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Gang members from Bakersfield, Calif., have a violent presence in western North Dakota, according to federal and state court documents.
Many weren't surprised at recent polling showing roughly half of North Dakotans think oil-producing counties don't get enough oil impact funding to meet the needs. The debate over the west's needs will only heat up as the legislative session nears, when western Republicans will introduce two proposals to aid oil-impacted counties and the oil boom in general will dominate the floor. "I think people are starting to realize that the impacts out here are great," Senate Majority Leader Rich Wardner, R-Dickinson, said in response to the poll results. "If we want to continue this stream of funding that comes to the state and then is redistributed across the state, we need to take care ... and make sure that they have the infrastructure that they need to have it done."
The majority of North Dakotans, regardless of location or political leaning, think oil-producing counties do not receive enough state oil impact funding to meet their needs, or are unsure, according to a new poll.
As the energy industry brings more and more money to western North Dakota, counties and contractors are finding that when building up infrastructure to meet the demand, their dollar doesn't go as far.
Job postings around the Oil Patch list the usual: pay, location, duties. But an attractive offer amid a housing crunch can be that of a place to live. Businesses, even outside the oil industry, are using housing assistance to compete for employees in a community in need of both workforce and affordable housing. Property managers in Dickinson say a good portion of their renting is through a company that is holding apartments or townhomes for their employees. In other cases, employees often get rent assistance. About a quarter of leases at Sierra Ridge Apartment Homes, on Dickinson's west side, are through companies for employees, assistant property manager Reanne Prage said. She and others said more workers are moving to the area with their families, or reuniting with their families in Dickinson after being dispatched here and living alone for a while.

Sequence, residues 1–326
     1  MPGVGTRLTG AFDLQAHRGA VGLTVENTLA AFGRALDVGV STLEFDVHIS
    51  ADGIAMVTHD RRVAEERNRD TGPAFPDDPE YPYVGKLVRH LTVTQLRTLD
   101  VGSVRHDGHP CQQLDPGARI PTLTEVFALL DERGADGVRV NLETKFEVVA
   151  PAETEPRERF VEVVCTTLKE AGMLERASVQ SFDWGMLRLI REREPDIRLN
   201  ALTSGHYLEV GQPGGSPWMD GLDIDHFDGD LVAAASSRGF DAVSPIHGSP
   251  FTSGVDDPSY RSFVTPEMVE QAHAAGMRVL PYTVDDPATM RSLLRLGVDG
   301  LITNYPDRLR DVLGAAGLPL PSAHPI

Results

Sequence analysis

Weathered by years of oil activity, Dunn County commissioners warned of the importance of landowner relations Wednesday as they met with representatives of a company proposing a huge oil pipeline that would cut through the county on its way from Stanley to Patoka, Ill.
As his members work toward reaching a state-set goal of flaring reduction, the head of the North Dakota Petroleum Council told companies to put a focus on landowner relations Thursday at the final day of the group's annual meeting.
Strained by having to house inmates elsewhere and using up resources to transport them, McKenzie County is in the planning stages for a bigger jail.
Local western North Dakota leaders are ready with their lists of needs should a newly proposed "surge" funding bill be adopted next legislative session. Senate Majority Leader Rich Wardner, R-Dickinson,...
A group of western North Dakota Republican legislators on Wednesday proposed an $800 million “surge” fund for the state and, in a preview of a proposal to come next week, said it'd be the last such bill needed if a new oil tax formula is adopted this session.